Marsha Ambrosius' new 'CASABLANCO' album is just what Dr. Dre ordered

NEW YORK (AP) — Marsha Ambrosius was done with the demands required of a successful R&B star, including the wear-and-tear of touring and fickle music industry politics. She was at peace working behind the scenes and writing for other artists. But Dr. Dre had a prescription to rejuvenate her on-stage desire.

“I didn’t want to do a project,” said the Grammy-nominated artist. “I’ve checked off my bucket list, everything that I’ve wanted to do. And Dre said, ‘I just want to keep you inspired. Let’s just create and see where this goes.’”

Their musical travels carried them to her new album, “CASABLANCO,” available now. The combination of Ambrosius’ writing and singing prowess with one of this generation’s greatest producers have made it a highly anticipated project after years of teasing.

“I haven’t had the opportunity to not only create, but have no limits, no boundaries. Dre was very much, ‘Whatever you want to do can be done,’” said the Britain-born singer who has writing and producing credits on every song. “It breathed new life into me creatively, knowing that I hadn’t really done everything I was capable of doing until we created this.”

The 11-track project is a sonically-opulent collage, masterfully fusing jazz and hip-hop – a compound only the Dr. could mix. “CASABLANCO” – a play off the luxurious lifestyle of the iconic “Casablanca” film and Moroccan city, marks the singer's fourth solo studio album, following 2018’s “NYLA.” (The "A” in the title was replaced by Dre to represent the grit of hip-hop sound.)

Entirely produced and mixed by “The Chronic” architect with support from Erik “Blu2th” Griggs, Focus… and Dem Jointz, the album was recorded during a two-week span in 2021 while much of the world was still held captive by the COVID-19 pandemic and as Dre recovered from a brain aneurysm. Signed to Dre's Aftermath label via Interscope Records, the pair have a lengthy collaborative history, last officially joining forces on his 2015 album, “Compton.”

“CASABLANCO” separates itself from today's trap-beat, atmospheric R&B in both sound and construction. Eight of the 11 songs are more than four minutes, with three tracks exceeding five minutes, including substantial instrumental breaks and creative, non-traditional verse and bridge and chorus arrangements. Jazzy instrumentation precede many of the tracks before switching to Dre’s unmistakable hip-hop sound, referring to the combination as “tux and Chucks.”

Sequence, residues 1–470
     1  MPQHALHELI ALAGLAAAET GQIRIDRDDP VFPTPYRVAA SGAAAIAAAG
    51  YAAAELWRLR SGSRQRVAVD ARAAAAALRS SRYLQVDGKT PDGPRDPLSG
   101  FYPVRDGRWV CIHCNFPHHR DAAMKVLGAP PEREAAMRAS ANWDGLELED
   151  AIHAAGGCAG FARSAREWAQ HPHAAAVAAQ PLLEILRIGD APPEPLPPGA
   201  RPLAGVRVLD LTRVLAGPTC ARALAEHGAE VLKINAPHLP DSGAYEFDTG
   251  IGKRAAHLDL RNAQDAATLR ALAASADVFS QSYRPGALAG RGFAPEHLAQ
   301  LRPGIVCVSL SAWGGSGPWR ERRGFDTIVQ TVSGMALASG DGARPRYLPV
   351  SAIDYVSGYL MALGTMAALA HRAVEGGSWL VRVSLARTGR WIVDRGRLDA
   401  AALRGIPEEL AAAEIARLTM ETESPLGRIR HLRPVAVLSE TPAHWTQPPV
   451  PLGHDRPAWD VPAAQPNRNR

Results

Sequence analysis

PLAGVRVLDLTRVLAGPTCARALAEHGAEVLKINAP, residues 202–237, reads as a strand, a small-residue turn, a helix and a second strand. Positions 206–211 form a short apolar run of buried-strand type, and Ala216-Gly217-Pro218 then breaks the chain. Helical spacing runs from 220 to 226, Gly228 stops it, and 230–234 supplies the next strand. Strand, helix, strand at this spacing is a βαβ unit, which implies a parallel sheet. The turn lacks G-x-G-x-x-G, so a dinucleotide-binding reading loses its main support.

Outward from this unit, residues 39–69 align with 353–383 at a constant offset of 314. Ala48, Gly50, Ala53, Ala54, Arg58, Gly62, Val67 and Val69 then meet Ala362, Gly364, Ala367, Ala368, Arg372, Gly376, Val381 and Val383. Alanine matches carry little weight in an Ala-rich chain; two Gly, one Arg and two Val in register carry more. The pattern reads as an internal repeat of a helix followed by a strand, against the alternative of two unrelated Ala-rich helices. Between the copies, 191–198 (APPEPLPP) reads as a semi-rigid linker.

But the project, backed by a 27-piece live orchestra and filled with intricately woven samples from many artists including Michael Jackson, Duke Ellington, George Benson, The Wu-Tang Clan and Nas — and even Ambrosius herself – took more than a year for clearances. Singles from “CASABLANCO” include “The Greatest,”“Greedy,” and the amorous “One Night Stand” which samples “All Night Long” by Mary Jane Girls.

“I was like, ‘what if it was ‘one night’ instead of ‘all night long?'” said Ambrosius. “It still goes to the reason why we created the record: It was like if we have one more album to make, what would that be? So, it felt like a one night-only moment which ultimately could turn into forever. And mine did.”

While “Best I Could Find” is reminiscent of Stevie Wonder's “Innervisions,” “Cloudy With A Chance Of …Real” is a dramatic longing for her lover, as she sings, “Feels like this is somebody else's, living this pain right through me/And I carry the weight of this rain falling down, and it’s oh so lonely.”

Referring to the song written during the pandemic, she said: “That was that fog, that haze, that uncertainty, that: What’s going to happen if I can’t love you the way I want to love you, or you’re unwilling to receive what my love looks like because of where we are in the world right now."

Despite a solid solo career with songs like “Far Away” and “Late Nights & Early Mornings,” singing hooks for major artists like Kanye West, Nas and Nipsey Hussle, and writing for H.E.R. and Alicia Keys, many fans still associate her with the duo Floetry.

Floetry (Ambrosius and Natalie “The Floacist” Stewart) emerged during the neo-soul movement of the early 2000s, finding success with songs like “Say Yes,”“Getting Late" and “SupaStar” featuring Common. The 46-year-old Ambrosius understands the nostalgia that fans have with that music.

“We were young and fearless and weren’t conforming,” said Ambrosius, who also wrote “Butterflies” by Jackson. “I’m glad that I can say I did some timeless classics. And 24 years later, with Dr. Dre and ‘CASABLANCO,’ that same feeling that I had then, I have now.”


Follow Associated Press entertainment journalist Gary Gerard Hamilton at: @GaryGHamilton on all his social media platforms.